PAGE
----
They may lose common items like their keys or phone often or forget where familiar objects are. The changes they experience can be extremely confusing, leading to other negative side effects like anger and depression.
When someone suffers severe symptoms of dementia, such as confusion, it can wear down on their self-esteem. Unusual depression is a common sign of people whose bodies or minds are changing without their control.
While we all get down from time to time, you should recognize new patterns and lingering episodes of depression.
3. Difficulty Concentrating
It’s not uncommon for people afflicted with some form of dementia to develop an impatience and lack of concentration. This can range from entertainment such as movies or books or everyday tasks like calculating math.
Difficulty concentrating can be a major danger with someone, say, behind the wheel of a car or controlling a heavy machine.
4. Trouble Speaking or Communicating
You may notice that someone’s ability to communicate has become significantly impaired. They may take a while to speak and could get frustrated with themselves easily.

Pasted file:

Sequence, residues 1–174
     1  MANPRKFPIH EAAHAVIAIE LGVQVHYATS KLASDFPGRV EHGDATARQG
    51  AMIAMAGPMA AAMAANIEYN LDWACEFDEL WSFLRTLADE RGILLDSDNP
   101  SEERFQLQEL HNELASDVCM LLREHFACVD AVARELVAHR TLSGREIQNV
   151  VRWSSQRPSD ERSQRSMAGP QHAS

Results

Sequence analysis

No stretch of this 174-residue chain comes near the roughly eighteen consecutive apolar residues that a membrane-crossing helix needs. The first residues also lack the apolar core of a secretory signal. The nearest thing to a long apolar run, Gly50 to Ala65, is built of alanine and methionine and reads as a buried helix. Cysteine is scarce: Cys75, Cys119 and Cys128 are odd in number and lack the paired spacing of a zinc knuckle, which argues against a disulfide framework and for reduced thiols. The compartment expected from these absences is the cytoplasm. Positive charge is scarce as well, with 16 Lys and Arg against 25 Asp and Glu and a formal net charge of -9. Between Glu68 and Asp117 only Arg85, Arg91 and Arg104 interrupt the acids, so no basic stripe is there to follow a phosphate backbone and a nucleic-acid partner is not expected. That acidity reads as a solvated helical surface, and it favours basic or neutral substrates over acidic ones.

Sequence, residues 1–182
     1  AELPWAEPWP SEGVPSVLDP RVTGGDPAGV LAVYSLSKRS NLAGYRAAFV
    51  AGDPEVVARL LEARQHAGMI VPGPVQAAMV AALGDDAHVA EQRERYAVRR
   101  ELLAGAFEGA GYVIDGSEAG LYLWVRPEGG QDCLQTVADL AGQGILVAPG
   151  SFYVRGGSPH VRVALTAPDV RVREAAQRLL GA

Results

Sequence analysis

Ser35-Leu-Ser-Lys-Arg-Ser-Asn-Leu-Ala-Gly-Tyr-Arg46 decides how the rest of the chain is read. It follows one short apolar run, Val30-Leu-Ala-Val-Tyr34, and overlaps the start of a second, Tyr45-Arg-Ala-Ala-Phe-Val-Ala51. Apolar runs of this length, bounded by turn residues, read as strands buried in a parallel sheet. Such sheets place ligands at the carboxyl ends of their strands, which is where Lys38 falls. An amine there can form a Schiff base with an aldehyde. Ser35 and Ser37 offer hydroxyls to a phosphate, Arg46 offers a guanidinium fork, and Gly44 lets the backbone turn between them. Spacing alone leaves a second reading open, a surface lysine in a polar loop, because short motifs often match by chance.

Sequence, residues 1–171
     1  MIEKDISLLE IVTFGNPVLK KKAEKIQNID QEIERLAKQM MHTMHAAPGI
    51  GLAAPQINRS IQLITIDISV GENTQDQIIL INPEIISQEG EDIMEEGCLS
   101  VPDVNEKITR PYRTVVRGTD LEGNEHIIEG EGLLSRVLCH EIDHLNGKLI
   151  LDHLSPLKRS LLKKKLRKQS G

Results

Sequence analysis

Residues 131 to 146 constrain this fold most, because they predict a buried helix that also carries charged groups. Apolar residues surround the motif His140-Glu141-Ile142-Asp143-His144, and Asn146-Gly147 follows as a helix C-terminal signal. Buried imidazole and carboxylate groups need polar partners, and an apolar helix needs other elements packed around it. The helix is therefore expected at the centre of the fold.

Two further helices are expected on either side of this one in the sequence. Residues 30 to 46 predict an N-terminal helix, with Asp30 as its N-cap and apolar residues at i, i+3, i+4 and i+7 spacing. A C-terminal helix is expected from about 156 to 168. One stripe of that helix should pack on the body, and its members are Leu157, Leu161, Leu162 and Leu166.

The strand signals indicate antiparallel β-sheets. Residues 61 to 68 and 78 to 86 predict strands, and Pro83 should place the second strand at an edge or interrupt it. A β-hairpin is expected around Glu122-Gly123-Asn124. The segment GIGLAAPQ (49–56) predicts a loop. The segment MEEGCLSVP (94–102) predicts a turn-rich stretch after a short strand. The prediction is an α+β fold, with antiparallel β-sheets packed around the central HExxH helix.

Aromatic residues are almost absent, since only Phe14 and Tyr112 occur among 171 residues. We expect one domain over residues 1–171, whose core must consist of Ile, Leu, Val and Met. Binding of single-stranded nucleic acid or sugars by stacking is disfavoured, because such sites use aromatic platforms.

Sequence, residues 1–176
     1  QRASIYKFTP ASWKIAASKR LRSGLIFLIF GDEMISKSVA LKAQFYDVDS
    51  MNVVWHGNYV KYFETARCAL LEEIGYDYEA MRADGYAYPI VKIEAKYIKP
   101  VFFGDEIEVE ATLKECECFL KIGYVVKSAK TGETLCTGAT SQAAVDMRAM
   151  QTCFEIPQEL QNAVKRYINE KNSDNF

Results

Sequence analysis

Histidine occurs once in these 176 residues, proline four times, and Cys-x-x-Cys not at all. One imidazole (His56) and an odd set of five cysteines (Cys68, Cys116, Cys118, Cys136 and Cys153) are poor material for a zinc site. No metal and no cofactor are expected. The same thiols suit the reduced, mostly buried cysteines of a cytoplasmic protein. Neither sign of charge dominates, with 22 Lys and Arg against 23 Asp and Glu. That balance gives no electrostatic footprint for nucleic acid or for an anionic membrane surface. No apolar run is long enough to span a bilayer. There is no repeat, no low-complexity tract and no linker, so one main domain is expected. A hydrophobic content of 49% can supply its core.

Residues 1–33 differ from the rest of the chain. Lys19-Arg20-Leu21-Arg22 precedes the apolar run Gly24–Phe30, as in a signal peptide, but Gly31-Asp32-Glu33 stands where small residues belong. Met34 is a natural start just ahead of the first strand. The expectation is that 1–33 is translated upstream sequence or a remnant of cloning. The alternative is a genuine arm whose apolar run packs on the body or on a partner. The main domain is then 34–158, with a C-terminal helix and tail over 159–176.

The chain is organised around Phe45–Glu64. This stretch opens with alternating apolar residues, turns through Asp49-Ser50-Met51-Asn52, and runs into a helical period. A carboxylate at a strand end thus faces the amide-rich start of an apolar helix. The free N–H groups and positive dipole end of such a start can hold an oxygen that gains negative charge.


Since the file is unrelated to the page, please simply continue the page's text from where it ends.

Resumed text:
There may be an issue with enunciating, and more than likely they’ll take a long time to pick out the right words to say. Sometimes communicating escapes them entirely.
The opposite of empathy, or being sensitive to the feelings of others, apathy shows itself in early dementia. People suffering from dementia may start to lose the will to go out, to socialize, and to keep up old hobbies and relationships.
It’s common for those afflicted to lose their patience with others, often uncareful of what they say or how they say it.
6. Mood and Personality Shifts
Though a person may not be able to recognize early dementia in themselves, others can hopefully recognize shifts in mood and personality. Someone jovial and outgoing who suddenly turns into a cynical hermit may be exhibiting symptoms.
Mood shifts, in any major direction, can be another early sign.
7. A Loss in Sense of Direction
Getting turned around, losing yourself, is a terrifying feeling. On top of the other changes people with dementia face, losing their sense of direction can cause panic.